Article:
La Flor de Michoacan
After all that hot sauce you’ll need something to cool down with, so head to La Flor de Michoacan for the best fruit popsicles in town. There are so many flavours it may take you a while to decide, but once you have, sit in the sunshine and enjoy this fresh snack that’s entirely made of fruit.
Make a pit stop at Matchamama at any time of day for a dose of goodness. The roadside shack offers kombucha, fresh juices and smoothies, acai bowls, cold brew milkshakes and of course, really good matcha!
These should be at the top of your list no matter how time restricted you are. Revered by the ancient Mayans for it’s healing properties, the water in these large open water pools is definitely worth experiencing. The best way to visit them is with an organised tour which will take you to several in a day.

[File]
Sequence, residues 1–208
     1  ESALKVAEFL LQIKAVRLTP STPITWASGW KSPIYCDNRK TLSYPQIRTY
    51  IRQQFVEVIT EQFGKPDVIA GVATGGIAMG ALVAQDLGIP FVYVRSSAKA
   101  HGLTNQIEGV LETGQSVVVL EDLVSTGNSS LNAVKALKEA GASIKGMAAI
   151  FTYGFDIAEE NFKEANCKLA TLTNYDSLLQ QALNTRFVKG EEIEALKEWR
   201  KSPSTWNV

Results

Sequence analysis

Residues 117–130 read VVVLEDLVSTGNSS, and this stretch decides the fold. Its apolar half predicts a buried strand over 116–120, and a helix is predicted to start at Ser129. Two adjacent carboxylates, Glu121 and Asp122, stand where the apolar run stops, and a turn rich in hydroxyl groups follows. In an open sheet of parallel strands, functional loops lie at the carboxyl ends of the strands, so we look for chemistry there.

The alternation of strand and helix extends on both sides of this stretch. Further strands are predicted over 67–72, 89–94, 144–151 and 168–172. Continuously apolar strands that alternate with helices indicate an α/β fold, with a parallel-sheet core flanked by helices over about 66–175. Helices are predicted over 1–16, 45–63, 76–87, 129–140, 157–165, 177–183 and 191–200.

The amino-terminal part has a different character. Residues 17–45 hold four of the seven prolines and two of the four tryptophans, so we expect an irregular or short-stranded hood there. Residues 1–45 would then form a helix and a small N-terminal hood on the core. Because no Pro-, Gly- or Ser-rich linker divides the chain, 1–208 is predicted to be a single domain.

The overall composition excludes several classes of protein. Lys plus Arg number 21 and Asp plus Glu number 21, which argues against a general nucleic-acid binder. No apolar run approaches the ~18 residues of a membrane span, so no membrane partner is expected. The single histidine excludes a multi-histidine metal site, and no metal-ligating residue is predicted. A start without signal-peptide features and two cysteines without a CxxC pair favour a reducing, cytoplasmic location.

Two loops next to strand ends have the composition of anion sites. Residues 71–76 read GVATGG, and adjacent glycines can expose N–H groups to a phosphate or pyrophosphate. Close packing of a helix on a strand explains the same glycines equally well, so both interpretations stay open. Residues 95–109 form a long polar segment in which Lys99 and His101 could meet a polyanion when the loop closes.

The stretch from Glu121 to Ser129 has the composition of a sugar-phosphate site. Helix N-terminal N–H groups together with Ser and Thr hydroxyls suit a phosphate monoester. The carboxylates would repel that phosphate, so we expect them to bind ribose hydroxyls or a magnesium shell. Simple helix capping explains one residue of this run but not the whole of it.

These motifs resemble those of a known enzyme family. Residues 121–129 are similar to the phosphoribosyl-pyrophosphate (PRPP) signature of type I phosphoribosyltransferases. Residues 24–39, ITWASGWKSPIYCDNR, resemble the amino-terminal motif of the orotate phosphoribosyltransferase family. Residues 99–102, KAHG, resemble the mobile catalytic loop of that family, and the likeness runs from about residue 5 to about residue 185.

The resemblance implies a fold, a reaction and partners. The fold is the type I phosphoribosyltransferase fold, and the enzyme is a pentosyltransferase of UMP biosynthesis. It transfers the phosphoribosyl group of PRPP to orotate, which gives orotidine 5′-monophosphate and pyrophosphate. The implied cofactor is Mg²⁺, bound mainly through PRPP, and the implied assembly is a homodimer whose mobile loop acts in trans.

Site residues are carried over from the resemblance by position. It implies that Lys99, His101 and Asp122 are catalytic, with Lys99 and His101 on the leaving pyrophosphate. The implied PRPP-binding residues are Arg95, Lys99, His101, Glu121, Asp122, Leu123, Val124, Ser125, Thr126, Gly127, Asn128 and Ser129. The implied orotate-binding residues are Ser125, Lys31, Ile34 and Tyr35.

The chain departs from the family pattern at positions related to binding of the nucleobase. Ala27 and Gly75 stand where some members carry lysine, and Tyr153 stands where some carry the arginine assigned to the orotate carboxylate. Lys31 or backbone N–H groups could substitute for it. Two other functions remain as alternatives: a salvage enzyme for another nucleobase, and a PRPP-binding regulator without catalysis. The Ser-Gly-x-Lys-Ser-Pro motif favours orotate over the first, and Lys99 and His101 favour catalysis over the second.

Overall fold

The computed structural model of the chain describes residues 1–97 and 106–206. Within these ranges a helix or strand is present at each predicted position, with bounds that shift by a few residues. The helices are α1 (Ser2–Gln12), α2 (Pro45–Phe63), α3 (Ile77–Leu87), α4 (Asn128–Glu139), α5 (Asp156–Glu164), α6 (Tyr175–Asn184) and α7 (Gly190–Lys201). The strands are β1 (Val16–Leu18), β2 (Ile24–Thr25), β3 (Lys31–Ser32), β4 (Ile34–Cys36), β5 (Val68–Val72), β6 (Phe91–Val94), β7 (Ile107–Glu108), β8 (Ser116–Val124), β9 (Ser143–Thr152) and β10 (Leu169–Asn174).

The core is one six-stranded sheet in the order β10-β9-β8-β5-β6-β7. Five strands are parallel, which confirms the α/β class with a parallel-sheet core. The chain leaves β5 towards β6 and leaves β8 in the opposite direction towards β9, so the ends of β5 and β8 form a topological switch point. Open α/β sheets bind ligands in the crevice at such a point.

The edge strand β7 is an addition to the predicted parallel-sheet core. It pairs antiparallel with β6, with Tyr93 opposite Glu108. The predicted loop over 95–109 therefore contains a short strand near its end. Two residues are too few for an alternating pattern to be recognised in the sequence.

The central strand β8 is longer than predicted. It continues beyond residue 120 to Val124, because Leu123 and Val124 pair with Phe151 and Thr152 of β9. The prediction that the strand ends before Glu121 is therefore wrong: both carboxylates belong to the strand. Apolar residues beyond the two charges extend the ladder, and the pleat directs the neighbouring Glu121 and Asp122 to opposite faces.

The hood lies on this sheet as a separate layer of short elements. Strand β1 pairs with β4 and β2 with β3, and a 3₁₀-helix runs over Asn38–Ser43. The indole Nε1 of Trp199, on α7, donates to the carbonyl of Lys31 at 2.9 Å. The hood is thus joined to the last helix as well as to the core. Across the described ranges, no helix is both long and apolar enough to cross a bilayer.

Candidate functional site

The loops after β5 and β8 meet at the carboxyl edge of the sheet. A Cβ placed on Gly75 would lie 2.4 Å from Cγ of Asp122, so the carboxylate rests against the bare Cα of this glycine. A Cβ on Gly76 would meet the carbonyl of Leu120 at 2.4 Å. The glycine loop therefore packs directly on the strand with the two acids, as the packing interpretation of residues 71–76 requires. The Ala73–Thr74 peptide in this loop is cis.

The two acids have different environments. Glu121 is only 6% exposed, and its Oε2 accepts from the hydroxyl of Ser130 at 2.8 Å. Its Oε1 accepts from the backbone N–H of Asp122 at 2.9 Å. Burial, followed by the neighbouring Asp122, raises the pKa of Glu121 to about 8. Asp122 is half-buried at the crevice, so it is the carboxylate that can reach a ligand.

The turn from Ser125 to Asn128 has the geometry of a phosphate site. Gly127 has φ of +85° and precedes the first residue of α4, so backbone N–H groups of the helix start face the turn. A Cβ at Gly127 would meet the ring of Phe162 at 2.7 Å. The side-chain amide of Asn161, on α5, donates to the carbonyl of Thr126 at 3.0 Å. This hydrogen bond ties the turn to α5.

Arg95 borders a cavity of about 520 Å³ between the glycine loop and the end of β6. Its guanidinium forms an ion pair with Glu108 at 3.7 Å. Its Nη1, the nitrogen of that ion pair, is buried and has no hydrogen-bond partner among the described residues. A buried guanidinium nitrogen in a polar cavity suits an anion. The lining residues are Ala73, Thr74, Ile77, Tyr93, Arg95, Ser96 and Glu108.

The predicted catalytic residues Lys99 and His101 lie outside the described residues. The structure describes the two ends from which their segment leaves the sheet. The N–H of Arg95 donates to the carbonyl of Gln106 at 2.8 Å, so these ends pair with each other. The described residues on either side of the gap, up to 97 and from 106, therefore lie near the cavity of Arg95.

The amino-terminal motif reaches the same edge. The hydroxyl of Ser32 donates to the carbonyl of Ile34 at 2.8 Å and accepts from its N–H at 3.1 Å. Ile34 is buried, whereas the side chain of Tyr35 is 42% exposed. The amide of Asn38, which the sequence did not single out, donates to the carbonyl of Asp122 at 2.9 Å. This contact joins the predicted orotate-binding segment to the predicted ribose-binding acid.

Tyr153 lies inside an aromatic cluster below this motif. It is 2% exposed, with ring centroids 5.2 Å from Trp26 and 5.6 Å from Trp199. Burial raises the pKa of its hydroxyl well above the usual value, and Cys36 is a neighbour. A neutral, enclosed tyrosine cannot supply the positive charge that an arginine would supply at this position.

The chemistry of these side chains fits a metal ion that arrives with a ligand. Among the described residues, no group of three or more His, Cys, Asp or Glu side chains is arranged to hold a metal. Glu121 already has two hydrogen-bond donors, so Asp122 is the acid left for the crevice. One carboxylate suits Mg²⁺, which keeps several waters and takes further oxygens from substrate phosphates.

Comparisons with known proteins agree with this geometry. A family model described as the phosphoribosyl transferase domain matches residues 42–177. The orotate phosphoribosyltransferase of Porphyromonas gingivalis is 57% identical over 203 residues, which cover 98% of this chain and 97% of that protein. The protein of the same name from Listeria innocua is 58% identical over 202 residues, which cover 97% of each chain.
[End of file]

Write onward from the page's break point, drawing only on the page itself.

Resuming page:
Sian Ka’an Biosphere
This majestic area showcases mother nature at her most beautiful. You’ll find thousands of different species of flora and fauna here in both land and sea. There are marshes, mangroves and a barrier reef to explore, just make sure you give yourself enough time to fully make the most of your time at this UNESCO world heritage site.
This historical site draws people from all over the world as the third most visited archaeological site in Mexico. Entering through a small, stony passage, you’ll be surprised by the vastness of what was once the beginnings of this ancient city which inhabited no more than 1,600 people. Temple of the God of the Wind (Templo del Dios del Viento) is one of the most remarkable of the structures, which all vary in size and degree of decay. It sits at a high point of the cliff side and towers over the sea. It’s a dreamy spot to just sit, breathe, and take in the spectacular view.